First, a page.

The stereotype that Jews are rich and greedy has a long historical background. Going back to the Middle Ages, Jews had restrictions placed on their economic activity and they were sometimes prohibited from owning land. Ruling classes set up Jews in intermediate positions between those with real power and those without. It was convenient for ruling classes to place Jews in positions where they could be a focus for popular anger that might otherwise be directed at the ruling class.

For over 1500 years, the Church helped generate a popular culture of hatred toward Jews. Anti-Jewish legislation adopted by the Church became the law of the land throughout Christian Europe. Jewish-Christian marriages were forbidden, except in the case of conversion by the Jewish party. Jewish property rights were narrowed. Jews were barred from practicing law and Jews were prevented from testifying against a Christian. In some countries, Jews were forcibly baptized or expelled.

The character Shylock in Shakespeare’s The Merchant of Venice comes to mind. As an unscrupulous money-lender, Shylock depicted the stereotype of Jewish greed. Jews like the Rothschilds or George Soros are still imagined to control the world’s financial systems. Cartoons of grotesque fat Jewish bankers running the planet are epidemic. Conspiracy theories live off half-baked ideas and images.

In her podcast, the comedian Sarah Silverman has directly confronted the anti-Semitic mythology that connects Jews and money. She says:

“The conceit that Jews are rich is why the Holocaust happened. That was the idea they were pushing that got people on board with Nazism.”

I think there is truth in Silverman’s perspective. The Nazis played on the thousand year hatred that had religious and economic roots. Scapegoating was central to their project. Progressives who write off anti-Semitism in the hierarchy of racisms are missing why it remains dangerous. Nazis did not ultimately care whether a Jewish person was rich or not. Rich Jews ended up on the trains to Auschwitz, Sobibor, Dachau and Treblinka too.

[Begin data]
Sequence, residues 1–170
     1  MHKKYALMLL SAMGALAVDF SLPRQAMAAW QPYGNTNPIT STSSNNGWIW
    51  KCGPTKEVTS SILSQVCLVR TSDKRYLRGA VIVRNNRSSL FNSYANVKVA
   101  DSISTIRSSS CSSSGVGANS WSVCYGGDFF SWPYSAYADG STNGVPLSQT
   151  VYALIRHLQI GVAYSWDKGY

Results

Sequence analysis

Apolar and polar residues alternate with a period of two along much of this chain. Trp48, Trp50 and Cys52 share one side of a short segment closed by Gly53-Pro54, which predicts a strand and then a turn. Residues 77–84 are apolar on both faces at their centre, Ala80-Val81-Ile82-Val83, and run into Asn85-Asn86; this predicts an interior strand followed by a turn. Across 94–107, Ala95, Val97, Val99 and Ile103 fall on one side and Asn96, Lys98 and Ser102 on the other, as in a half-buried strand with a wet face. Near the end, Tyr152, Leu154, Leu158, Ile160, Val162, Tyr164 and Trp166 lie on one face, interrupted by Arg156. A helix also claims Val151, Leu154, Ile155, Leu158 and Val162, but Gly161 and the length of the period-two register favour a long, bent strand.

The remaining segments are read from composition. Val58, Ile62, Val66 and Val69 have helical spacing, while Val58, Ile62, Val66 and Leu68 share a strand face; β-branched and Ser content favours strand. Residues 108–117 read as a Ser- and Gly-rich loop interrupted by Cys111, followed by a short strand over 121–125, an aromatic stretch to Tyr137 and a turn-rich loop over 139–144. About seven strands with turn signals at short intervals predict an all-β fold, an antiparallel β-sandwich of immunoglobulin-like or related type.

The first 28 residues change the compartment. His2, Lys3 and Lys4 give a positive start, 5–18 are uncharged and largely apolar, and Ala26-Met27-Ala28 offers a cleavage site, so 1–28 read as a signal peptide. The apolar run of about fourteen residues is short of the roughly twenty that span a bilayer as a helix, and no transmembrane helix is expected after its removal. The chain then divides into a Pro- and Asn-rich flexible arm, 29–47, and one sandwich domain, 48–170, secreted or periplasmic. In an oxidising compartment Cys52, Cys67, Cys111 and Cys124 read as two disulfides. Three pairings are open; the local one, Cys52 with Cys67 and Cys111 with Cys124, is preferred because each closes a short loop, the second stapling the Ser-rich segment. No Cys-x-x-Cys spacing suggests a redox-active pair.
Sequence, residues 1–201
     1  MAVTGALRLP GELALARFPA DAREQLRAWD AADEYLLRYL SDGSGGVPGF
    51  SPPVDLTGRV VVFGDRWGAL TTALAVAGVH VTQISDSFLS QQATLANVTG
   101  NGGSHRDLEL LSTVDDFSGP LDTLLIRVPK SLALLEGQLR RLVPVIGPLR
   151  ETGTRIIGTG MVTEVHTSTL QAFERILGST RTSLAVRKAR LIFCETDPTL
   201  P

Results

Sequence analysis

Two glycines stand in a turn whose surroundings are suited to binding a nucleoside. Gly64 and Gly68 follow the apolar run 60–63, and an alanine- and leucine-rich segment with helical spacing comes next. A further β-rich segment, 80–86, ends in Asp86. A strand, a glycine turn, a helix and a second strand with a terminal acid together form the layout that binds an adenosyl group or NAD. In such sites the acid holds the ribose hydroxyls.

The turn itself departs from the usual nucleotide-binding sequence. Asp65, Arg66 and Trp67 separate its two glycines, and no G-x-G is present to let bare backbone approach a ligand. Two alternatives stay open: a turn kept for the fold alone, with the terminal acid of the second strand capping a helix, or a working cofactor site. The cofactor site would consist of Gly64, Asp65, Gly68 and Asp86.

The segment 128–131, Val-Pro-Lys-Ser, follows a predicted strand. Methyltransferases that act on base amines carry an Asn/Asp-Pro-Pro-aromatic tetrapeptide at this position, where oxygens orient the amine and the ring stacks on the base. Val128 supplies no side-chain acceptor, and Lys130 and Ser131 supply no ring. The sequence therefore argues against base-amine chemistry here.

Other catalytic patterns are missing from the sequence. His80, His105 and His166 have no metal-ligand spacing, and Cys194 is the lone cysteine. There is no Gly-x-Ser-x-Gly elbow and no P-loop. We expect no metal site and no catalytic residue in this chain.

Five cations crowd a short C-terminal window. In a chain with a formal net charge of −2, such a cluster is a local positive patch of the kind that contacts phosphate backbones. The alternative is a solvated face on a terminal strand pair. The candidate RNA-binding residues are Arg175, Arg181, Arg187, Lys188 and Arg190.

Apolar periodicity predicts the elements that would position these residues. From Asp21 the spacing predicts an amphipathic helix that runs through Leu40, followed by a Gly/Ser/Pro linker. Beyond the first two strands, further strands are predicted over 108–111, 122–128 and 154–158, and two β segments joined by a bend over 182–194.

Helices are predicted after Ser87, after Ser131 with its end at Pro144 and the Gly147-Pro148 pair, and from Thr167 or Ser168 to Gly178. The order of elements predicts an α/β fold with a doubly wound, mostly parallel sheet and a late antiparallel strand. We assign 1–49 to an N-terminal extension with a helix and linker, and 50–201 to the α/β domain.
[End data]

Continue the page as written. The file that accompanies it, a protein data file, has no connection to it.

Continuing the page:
Interestingly, Sarah Silverman is from New Hampshire. She lived in Bedford. She described on her podcast how growing up she was used to hearing the phrase “Jew them down”. In high school when she was doing comedy she tells how she was performing, getting laughs and she did a quick turn to serious. She spit out, “Jew is not a verb. It is me, your friend”. After that, she said among her friends she never again heard Jew used as a verb.

Jew-hatred is like other racial hatred or hatred of gay people. It is profoundly irrational. Progressives who do not integrate an understanding of anti-Semitism along with other racism have a superficial grasp of the forms of oppression. They are also not listening closely to the neo-nazis and white supremacists.

The white power movement sees the Jews as an all-powerful force in the background, controlling events and using other minorities and immigrants as pawns in their game. They do not see the Jews as white. They see the Jews as the puppet masters, pursuing white genocide and replacement of white people by minorities.

In acknowledging anti-Semitism, I would recognize that in America the history of oppression against African-Americans, Native Americans and Latinx people has been far worse. That is undisputed but it does not minimize Jew-hatred.

America has a strong First Amendment tradition of religious tolerance. Compared to Europe, anti-Semites have had less success here. Still, Jews need allies who will stand with them and oppose anti-Semitism. Passive or indifferent bystanders do not stop perpetrators. Recent experience provides evidence that a threat remains. As with other racism, anti-Semitism must be vigorously opposed.